For More Travel Agents, There's No Place Like Home

Author: David Juman

Published: April 19, 2012

Amid overall agency declines, home-based agent population soars

Medium

The story of traditional leisure retail travel agencies is not solely one of decline. While the total number of agencies has fallen dramatically over the past 15 years, many leisure storefront agents have migrated to a home-based model – operating either independently or in affiliation with a travel agency or host agency.

According to The Once and Future Agent: PhoCusWright's Travel Agency Distribution Landscape 2009-2013 (a Global Edition publication), the home-based agent population, which focuses overwhelmingly on leisure travel, soared to 40,000 in 2011, from 31,000 in 2006. Along with their increasing numbers, home-based agents now account for a substantial portion of agency leisure sales; in 2010, home-based agents racked up nearly US$10 billion in gross travel sales, or more than one third of all agency leisure sales.

"Home-based agents have clearly become an integral part of the overall agency marketplace. There has been a broad migration of experienced leisure agents from storefront to homefront, while new travel sellers are entering the market through the host agency model," says Douglas Quinby, PhoCusWright's senior director, research. "The critical question for the future is whether there will be enough new entrants to replenish the larger segment of older, more experienced home-based agents."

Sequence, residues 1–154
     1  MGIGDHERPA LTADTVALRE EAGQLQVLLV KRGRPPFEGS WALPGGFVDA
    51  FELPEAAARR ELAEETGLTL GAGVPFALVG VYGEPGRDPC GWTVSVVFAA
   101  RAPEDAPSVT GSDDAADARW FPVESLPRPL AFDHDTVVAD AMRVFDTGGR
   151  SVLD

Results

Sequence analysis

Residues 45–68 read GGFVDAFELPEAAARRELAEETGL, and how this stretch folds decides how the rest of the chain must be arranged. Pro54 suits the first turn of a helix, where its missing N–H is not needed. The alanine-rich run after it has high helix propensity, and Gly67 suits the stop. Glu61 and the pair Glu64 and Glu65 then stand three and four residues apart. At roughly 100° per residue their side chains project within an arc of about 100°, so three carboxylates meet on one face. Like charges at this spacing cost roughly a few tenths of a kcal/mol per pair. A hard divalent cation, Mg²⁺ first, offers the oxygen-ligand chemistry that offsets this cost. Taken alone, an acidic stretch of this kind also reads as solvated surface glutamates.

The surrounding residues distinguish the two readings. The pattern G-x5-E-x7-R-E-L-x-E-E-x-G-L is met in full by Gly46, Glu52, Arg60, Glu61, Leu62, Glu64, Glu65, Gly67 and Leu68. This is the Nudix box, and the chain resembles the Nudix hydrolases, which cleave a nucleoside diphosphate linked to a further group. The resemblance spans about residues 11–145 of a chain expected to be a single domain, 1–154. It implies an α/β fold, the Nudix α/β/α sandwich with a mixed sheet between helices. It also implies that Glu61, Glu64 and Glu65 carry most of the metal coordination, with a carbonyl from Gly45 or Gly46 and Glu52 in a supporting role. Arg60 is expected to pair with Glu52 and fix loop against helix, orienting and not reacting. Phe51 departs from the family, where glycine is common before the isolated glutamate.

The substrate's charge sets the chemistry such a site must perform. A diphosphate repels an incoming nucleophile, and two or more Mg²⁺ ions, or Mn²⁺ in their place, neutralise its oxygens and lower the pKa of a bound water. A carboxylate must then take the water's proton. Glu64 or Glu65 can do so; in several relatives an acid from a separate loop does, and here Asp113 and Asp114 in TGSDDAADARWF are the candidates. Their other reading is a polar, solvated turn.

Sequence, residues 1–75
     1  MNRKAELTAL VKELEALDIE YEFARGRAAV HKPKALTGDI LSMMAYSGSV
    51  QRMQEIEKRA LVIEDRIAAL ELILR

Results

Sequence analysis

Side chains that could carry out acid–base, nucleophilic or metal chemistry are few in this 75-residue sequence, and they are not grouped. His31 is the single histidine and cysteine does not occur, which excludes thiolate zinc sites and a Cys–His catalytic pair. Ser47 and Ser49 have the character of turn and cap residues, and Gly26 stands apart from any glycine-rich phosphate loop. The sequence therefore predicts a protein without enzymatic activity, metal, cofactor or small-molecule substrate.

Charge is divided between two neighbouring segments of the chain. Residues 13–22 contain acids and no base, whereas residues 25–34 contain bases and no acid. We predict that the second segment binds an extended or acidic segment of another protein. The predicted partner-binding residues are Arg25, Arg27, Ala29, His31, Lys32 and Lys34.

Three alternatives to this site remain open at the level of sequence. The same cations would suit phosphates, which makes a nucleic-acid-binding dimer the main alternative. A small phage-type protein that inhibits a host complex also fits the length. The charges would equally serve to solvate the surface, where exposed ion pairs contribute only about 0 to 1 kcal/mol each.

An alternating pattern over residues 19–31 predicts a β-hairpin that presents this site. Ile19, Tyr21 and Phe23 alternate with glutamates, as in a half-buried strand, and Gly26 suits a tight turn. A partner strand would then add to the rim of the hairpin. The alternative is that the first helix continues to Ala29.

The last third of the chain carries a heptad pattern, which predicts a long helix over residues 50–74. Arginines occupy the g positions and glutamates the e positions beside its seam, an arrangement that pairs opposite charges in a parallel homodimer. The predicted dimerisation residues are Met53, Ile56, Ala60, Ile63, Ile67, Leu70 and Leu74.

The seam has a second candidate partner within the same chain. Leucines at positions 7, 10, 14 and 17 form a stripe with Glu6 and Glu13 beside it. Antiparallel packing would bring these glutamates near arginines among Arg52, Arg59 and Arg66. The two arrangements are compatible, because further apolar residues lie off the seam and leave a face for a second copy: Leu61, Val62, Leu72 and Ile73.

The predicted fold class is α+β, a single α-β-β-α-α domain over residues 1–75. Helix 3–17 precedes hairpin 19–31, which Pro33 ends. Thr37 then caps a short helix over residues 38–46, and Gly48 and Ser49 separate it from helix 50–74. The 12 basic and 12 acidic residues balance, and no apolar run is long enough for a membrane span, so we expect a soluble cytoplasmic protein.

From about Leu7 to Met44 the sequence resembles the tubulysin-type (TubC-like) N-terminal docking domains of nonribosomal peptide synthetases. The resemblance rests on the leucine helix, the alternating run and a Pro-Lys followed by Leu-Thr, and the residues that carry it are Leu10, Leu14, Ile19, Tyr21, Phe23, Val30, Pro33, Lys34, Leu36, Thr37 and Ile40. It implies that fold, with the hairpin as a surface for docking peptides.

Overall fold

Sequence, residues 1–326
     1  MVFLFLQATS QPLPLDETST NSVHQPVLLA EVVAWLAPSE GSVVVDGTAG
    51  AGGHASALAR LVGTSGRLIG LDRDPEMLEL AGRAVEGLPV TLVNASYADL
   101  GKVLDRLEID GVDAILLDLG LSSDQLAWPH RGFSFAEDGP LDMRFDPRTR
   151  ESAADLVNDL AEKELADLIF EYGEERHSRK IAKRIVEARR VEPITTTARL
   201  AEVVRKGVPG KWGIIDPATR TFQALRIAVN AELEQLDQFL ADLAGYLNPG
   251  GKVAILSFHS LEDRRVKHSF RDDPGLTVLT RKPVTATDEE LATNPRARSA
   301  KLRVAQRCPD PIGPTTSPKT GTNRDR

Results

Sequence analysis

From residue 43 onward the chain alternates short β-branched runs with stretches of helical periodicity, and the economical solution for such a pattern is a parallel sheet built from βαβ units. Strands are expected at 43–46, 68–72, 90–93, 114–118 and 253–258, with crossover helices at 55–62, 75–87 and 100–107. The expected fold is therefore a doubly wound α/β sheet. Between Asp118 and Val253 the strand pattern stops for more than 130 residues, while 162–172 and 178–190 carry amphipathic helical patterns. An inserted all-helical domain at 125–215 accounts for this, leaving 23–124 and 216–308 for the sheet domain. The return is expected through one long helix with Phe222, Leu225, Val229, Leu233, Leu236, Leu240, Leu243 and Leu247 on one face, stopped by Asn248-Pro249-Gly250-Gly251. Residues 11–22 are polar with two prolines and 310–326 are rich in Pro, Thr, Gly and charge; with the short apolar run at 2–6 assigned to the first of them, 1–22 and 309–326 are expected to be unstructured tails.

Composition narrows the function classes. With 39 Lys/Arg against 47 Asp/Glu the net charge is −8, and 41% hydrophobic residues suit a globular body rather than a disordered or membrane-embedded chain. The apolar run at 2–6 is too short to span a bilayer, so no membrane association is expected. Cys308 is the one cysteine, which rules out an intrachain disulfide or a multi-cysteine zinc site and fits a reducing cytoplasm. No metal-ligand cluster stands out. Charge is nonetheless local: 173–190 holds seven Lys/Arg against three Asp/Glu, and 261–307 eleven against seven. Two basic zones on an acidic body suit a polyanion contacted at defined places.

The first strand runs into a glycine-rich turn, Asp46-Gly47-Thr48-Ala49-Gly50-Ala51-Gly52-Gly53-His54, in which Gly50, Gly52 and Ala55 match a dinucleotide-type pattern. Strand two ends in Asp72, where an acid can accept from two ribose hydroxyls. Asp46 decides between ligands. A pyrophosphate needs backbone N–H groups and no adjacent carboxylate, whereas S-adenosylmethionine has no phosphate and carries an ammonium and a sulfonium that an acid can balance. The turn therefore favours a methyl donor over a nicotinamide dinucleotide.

The Once and Future Agent: PhoCusWright's Travel Agency Distribution Landscape 2009-2013 examines the traditional travel agency channel, assessing the state of the marketplace and providing a detailed outlook for the future. The report includes:

  • Assessment of the growing home-based travel agent phenomenon
  • Comprehensive travel agency market sizing, including leisure and corporate sectors, and analysis by segment – air, hotel, cruise, car, tour and rail
  • Composition and structure of the travel agency marketplace, examining the total number of agency locations, the travel agent population, the mix of leisure and corporate agencies and travel agency affiliations (consortia)
  • Travel agency product selection and booking methods, including the role of GDSs, supplier websites, mobile devices and other online resources and platforms
  • The rising average age of travel agents and potential market implications
  • Trends and key market developments in the U.S. travel agency landscape
The Once and Future Agent: PhoCusWright's Travel Agency Distribution Landscape 2009-2013 (US$1,100) traces the dramatic forces that have redefined the traditional travel agency sector, and provides essential guidance on the shaping of this distribution channel in the years to come.

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